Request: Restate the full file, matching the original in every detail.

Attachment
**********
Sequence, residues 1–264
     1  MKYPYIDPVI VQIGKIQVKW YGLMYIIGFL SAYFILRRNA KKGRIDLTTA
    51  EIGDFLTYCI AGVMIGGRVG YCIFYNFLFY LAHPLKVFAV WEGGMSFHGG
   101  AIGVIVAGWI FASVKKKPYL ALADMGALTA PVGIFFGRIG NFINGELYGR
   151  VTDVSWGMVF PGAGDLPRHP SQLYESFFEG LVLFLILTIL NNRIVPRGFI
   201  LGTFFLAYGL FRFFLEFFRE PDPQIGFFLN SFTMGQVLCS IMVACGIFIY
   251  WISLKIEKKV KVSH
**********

Sequence, residues 1–264
     1  MKYPYIDPVI VQIGKIQVKW YGLMYIIGFL SAYFILRRNA KKGRIDLTTA
    51  EIGDFLTYCI AGVMIGGRVG YCIFYNFLFY LAHPLKVFAV WEGGMSFHGG
   101  AIGVIVAGWI FASVKKKPYL ALADMGALTA PVGIFFGRIG NFINGELYGR
   151  VTDVSWGMVF PGAGDLPRHP SQLYESFFEG LVLFLILTIL NNRIVPRGFI
   201  LGTFFLAYGL FRFFLEFFRE PDPQIGFFLN SFTMGQVLCS IMVACGIFIY
   251  WISLKIEKKV KVSH